Suffice to say that the American Outlaws will not lack for places to hold their pregame parties - and they won't have to worry about driving. There's fast and frequent public transportation service to pretty much everywhere you could want to go. BC Place is right in the middle of town, and its soaring spires are visible from vantage points all over the city. You can get there by train, bus, or even boat.
The aforementioned fan zone will take up a full square block. It will have food, beverages and a big screen for watching games. It won't be open every day, but thanks in part to the city's investment, it will be open on more non-matchdays than any other fan zone in the country. It should be a fun place to hang out.
Along with the fan zone will come something that no other Women's World Cup has had before: a dedicated Pride House for LGBTQ fans and athletes. It is something that Reimer - who is heterosexual, married and the mother of a child - is quite happy about. And it continues a civic tradition of liberal activism tied to international sporting events in the city.
Reimer cited the 2010 Olympics in Vancouver as an example.
"We had the pride house at the Olympics in 2010, and heard through media reports about Sochi's attitude toward human rights for LGBTQ athletes, spectators and members of the media," she said. "We felt very strongly that we needed to use whatever international sporting event capital we had built up as a host city to go to Sochi. We sent our deputy mayor at the time, an openly gay councillor who went and really asserted the need to make sure that LGBTQ athletes weren't just safe, but actively welcomed to the games and celebrated for who they were."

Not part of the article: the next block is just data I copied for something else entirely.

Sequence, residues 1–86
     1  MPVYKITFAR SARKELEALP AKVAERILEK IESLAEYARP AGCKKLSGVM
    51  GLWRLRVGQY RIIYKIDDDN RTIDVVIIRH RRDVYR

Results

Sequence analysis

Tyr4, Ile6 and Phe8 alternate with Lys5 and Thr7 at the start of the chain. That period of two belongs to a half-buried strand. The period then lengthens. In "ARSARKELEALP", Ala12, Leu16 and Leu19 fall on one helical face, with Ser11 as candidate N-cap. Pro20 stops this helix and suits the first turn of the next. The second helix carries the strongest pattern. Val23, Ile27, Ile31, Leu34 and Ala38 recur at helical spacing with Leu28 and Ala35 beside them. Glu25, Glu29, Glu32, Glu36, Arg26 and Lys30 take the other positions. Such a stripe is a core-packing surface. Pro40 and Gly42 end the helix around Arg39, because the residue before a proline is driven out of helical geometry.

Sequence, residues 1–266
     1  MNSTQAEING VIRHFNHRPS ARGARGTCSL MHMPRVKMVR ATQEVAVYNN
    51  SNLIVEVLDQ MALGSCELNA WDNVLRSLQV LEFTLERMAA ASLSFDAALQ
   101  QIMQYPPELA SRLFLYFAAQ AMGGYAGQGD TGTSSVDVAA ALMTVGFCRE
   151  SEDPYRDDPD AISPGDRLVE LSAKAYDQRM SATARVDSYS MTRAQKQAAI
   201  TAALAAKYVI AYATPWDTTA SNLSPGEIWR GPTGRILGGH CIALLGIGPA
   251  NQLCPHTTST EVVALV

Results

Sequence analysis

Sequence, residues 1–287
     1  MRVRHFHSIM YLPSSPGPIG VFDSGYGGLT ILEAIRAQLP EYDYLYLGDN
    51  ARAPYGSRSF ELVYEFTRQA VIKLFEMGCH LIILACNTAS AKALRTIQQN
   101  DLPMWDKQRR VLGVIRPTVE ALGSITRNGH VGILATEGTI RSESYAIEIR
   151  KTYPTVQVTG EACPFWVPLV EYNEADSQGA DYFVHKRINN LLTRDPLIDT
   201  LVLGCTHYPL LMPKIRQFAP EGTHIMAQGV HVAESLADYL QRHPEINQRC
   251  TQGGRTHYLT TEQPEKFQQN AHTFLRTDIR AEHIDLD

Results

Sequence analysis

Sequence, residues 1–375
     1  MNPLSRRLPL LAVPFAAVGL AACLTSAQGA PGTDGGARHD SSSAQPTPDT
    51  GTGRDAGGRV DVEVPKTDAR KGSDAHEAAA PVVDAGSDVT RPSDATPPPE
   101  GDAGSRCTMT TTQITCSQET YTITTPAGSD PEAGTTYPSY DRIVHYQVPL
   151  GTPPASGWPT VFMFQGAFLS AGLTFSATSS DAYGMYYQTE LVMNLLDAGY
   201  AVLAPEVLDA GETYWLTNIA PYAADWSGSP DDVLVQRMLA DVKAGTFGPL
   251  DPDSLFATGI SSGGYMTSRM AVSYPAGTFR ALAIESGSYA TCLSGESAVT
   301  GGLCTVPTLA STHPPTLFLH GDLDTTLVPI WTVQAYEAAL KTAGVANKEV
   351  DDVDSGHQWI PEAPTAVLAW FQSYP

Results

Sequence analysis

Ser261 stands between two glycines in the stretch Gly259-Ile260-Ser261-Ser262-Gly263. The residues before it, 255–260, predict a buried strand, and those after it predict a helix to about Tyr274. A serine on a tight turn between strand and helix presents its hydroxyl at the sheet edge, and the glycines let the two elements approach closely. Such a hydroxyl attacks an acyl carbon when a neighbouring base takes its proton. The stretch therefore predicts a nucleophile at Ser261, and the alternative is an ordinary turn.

With all that said, Vancouver will host just one U.S. game (as of now, at least). And even if you haven't been there before, you probably know at least some things about the city from the Whitecaps and the 2010 Winter Olympics.
But what do you know about Winnipeg? I'd guess not much, and I'd guess that might be about to change. After all, it's the city where the U.S. women will play their first two group stage games. Many fans (and media members, including yours truly) will spend a full week on the banks of the Red River.
Chad Falk, venue general manager for Winnipeg's local organizing committee, told me that his city is quite excited to welcome a big crowd.
"This is one of the largest sporting events to hit Winnipeg," he said, adding that it's "definitely" the city's biggest sports spectacle since it hosted the 1999 Pan Am Games.
And since Winnipeg won't be hosting any Canada games during the tournament, the U.S. team will be the biggest stars in town.
"We are welcoming and friendly and are really excited to be hosting these teams - especially the U.S. women's national team," Falk said. "While I'm sure that Winnipeggers would have loved to see Canada play here, the U.S. will definitely be receiving a large, warm welcome as well."